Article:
It’s a serious thing to make a documentary, a vast amount of work and resources are needed to do it properly. I was really the person in the right place, with a camera at hand. But it has taken almost two years to complete, lack of funds was part of the problem, but I was also waiting for results of the investigation by the CBI [Central Bureau of Investigation, India’s premier police agency] on Nigmanand’s death.

And then the Uttarakhand [flash flood] disaster happened on the river [in June 2013], and all this needed to be included in the film, so the full story could emerge.

IB TIMES: You said it was difficult to get financing for the film. But who agreed to provide funding? Any Indian sources?

HARNEY: The financing came from a businessman based in Singapore named Brett Traynor of the Kuranda Trading Group. He gave us the seed money to make the film after I told him about the saints and their plight. He was definitely moved by the story and without him, the film would not have happened. We were also supported by our environmentalist community in the Bay Area [California] and many other people contributed to an Indigogo [crowdfunding to raise money] campaign.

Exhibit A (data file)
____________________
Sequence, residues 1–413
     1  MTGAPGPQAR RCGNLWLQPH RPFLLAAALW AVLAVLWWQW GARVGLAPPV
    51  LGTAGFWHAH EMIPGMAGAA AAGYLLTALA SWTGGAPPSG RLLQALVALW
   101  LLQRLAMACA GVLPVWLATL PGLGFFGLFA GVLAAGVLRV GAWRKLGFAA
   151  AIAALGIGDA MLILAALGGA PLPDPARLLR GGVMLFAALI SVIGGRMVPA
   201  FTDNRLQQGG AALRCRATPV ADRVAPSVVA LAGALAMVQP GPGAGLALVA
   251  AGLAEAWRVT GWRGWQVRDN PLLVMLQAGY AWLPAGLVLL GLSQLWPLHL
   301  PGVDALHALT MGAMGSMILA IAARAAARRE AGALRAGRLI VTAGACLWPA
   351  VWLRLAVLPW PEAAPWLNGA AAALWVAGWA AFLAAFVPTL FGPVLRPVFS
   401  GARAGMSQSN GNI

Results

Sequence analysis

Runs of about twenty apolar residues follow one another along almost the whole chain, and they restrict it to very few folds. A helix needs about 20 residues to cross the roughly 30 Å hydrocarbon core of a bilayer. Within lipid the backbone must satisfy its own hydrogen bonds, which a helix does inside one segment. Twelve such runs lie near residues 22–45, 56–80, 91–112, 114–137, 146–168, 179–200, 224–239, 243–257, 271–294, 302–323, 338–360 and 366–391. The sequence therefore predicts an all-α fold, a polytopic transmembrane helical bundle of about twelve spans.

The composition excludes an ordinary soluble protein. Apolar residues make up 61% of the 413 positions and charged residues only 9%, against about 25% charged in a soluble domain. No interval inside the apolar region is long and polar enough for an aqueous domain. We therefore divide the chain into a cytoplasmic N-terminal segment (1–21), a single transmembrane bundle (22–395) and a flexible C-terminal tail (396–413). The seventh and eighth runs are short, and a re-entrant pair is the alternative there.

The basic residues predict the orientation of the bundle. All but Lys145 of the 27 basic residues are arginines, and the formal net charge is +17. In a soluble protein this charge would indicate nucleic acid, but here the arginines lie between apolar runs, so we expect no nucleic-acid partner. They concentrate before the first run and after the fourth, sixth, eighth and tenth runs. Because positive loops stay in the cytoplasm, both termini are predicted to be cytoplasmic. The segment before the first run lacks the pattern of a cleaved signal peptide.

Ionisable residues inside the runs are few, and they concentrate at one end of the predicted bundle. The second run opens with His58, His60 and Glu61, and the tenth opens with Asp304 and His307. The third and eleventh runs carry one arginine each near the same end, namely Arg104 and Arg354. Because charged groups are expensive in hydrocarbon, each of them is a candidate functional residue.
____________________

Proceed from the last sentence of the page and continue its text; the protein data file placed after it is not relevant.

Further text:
We were, and are, woefully underfunded to make this film -- the only people that were paid were the Indians working on the film, everybody else gave their time and expertise for free to tell the story of the saints and of illegal mining on the Ganges.

There were no Indian sources for funding and we have absolutely no marketing budget, so we are relying upon festivals, word-of-mouth, and the press, who have really begun to support this film to spread the word and get distribution -- we are hoping -- across many platforms including TV.